The Fund supports networks of state health policy decision makers to help identify, inspire, and inform policy leaders.
The Milbank Memorial Fund supports two state leadership programs for legislative and executive branch state government officials committed to improving population health.
The Fund identifies and shares policy ideas and analysis to advance state health leadership, strong primary care, healthy aging, and sustainable health care costs.
Keep up with news and updates from the Milbank Memorial Fund. And read the latest blogs from our thought leaders, including Fund President Christopher F. Koller.
The Fund publishes The Milbank Quarterly, as well as reports, issues briefs, and case studies on topics important to health policy leaders.
The Milbank Memorial Fund is is a foundation that works to improve population health and health equity.
Original Scholarship Population Health
Lauren A. Taylor
Back to The Milbank Quarterly
Context: Recent health policies incentivize health care providers to collaborate with community‐based organizations (CBOs), such as food pantries and homeless shelters, to address patients’ social determinants of health (SDOH). The perspectives of health care leaders on these policy changes have been studied, but the perspectives of CBO managers have not.
Methods: Our research question was: How are CBOs in Massachusetts perceiving and responding to new Medicaid policies that encourage collaboration between health care organizations and CBOs? We interviewed 46 people in leadership positions at CBOs in Massachusetts for approximately an hour each. We analyzed these data abductively, meaning that we iterated between inductively coding transcripts and consulting existing theories and frameworks.
Findings: We found evidence of a knowing‐doing gap among CBOs. Even though CBOs value their distinctiveness and autonomy from health care, they have undertaken a series of organizational changes in response to the new Medicaid policy that make their organizations appear more like health care organizations. These changes include adopting new performance metrics, hiring clinical staff to the board and senior management positions, and using medical language to describe nonmedical work. Drawing on institutional theory, we suggest that the nonprofits undertake such changes in an effort to demonstrate legitimacy to health care organizations, who may be able to provide new sources of critically needed revenue.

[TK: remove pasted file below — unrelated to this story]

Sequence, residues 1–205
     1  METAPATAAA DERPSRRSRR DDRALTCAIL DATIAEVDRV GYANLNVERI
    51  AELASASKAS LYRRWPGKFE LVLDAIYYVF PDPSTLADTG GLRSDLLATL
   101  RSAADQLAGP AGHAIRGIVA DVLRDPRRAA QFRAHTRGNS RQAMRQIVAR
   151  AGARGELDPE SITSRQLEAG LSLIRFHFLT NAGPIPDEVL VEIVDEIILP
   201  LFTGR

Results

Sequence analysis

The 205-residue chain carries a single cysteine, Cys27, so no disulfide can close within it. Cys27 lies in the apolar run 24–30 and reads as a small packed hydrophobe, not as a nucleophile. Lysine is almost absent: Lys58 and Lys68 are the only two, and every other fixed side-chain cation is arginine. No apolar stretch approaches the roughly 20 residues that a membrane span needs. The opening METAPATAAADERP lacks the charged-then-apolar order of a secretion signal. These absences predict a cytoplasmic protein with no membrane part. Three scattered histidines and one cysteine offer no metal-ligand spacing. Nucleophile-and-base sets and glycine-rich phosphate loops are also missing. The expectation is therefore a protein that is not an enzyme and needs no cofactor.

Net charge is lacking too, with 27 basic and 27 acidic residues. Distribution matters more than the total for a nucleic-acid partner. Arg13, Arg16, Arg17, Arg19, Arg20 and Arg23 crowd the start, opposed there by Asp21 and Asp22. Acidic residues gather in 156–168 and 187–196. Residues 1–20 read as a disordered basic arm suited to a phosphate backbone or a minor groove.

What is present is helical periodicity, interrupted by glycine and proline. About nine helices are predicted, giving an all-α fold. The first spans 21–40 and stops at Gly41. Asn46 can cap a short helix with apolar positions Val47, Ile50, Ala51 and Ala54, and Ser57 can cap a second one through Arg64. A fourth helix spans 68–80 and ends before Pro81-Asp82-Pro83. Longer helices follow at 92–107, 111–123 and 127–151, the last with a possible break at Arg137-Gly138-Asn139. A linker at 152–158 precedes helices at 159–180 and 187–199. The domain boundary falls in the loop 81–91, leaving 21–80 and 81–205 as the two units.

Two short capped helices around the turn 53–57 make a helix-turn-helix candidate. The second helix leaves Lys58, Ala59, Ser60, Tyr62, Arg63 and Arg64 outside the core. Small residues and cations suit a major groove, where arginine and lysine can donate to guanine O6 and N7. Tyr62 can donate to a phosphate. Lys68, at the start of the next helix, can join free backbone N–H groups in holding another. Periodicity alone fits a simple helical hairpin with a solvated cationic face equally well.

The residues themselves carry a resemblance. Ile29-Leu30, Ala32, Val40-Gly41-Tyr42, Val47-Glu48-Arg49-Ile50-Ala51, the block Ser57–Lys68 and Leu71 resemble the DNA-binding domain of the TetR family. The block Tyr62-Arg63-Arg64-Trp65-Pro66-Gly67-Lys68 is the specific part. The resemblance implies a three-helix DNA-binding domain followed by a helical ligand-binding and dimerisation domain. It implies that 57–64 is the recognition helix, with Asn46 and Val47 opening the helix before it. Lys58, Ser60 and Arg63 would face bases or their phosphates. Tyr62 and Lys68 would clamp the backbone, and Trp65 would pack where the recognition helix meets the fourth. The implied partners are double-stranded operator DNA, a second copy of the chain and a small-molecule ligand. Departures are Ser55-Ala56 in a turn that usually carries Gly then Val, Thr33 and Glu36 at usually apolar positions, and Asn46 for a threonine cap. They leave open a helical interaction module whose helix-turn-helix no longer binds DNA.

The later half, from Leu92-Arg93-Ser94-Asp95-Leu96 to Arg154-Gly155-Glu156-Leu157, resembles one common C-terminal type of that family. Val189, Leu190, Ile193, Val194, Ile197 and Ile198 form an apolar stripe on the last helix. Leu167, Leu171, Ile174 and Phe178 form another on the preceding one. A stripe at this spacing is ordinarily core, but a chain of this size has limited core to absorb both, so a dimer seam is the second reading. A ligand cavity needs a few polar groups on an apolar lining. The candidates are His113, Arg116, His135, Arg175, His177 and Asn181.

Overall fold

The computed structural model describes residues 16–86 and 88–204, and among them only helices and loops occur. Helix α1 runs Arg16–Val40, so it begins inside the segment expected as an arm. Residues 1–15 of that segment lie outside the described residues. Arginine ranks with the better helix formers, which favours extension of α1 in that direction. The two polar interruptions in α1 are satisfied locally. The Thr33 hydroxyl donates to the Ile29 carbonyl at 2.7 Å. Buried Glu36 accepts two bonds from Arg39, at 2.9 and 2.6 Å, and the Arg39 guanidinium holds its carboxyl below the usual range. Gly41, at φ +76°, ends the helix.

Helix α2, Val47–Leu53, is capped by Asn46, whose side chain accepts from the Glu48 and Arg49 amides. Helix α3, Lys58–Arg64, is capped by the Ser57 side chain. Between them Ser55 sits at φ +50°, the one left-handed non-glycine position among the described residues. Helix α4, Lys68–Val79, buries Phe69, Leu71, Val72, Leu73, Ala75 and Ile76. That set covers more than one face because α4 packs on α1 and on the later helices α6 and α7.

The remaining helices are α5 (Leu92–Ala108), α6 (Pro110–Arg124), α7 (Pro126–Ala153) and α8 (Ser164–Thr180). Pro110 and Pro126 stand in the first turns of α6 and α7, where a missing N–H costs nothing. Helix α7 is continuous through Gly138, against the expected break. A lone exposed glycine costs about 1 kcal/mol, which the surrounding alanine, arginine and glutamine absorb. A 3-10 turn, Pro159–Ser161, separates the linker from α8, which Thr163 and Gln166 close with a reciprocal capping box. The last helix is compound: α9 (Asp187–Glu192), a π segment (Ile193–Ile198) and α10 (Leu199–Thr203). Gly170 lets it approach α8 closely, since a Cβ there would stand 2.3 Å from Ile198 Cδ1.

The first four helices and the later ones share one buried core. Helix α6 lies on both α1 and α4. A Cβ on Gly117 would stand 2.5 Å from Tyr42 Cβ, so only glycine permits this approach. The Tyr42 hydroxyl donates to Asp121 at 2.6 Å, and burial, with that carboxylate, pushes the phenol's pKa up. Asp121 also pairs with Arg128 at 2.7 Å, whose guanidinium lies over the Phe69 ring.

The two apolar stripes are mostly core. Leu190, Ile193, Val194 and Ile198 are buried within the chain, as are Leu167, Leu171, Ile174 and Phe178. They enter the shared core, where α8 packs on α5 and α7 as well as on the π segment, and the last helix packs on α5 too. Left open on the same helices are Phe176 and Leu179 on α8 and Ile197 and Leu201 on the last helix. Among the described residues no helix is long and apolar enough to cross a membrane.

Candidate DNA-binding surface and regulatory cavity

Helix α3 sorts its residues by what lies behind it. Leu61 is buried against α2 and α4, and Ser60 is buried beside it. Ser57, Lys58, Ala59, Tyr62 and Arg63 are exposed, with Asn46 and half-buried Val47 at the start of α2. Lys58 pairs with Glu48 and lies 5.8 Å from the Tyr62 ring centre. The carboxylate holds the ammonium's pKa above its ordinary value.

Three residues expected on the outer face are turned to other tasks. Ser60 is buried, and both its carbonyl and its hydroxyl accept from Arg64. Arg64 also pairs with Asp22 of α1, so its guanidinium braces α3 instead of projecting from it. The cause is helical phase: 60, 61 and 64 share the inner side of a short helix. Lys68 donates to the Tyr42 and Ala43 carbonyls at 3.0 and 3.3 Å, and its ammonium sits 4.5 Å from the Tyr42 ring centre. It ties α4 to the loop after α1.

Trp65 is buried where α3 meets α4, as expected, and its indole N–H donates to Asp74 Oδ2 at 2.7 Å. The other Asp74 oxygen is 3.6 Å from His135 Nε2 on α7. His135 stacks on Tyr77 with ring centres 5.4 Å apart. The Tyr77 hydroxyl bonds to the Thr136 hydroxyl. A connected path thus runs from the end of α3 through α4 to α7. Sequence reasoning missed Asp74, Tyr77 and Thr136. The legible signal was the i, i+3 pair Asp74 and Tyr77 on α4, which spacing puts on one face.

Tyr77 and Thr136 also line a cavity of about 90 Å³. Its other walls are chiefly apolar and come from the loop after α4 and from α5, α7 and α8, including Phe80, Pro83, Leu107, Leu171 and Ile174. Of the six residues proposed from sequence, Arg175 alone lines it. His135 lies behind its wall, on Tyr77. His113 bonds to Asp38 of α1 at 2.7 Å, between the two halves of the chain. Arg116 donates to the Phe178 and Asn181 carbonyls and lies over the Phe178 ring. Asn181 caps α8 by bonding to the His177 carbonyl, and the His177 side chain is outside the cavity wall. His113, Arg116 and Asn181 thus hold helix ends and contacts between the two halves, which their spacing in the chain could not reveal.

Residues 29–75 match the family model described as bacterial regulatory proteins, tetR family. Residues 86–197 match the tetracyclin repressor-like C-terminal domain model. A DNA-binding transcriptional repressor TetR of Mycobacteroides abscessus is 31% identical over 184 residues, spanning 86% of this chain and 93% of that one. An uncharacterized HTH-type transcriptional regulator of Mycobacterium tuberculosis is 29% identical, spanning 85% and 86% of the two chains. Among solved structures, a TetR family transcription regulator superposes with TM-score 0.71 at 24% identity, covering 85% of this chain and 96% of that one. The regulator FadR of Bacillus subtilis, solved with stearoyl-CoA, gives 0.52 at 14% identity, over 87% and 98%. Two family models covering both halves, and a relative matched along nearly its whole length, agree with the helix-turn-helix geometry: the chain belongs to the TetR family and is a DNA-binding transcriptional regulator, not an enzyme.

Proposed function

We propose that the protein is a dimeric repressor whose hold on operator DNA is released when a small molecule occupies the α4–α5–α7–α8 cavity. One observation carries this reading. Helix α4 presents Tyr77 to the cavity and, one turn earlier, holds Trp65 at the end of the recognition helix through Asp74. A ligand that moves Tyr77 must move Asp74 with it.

Conclusions: Massachusetts CBOs perceive health systems as potential sources of revenue, due in part to an ongoing Medicaid redesign that encourages the integration of health and social services. This perception is driving CBOs to appear more like health care organizations, but the impacts of these changes on welfare remain unknown.
Keywords: social determinants, community-based organizations, knowing-doing gap, medical sociology.
Read on Wiley Online Library
Get the Latest from the Milbank Memorial Fund
The Milbank Quarterly’s multidisciplinary approach and commitment to applying the best empirical research to practical policymaking offers in-depth assessments of the social, economic, political, historical, legal, and ethical dimensions of health and health care policy.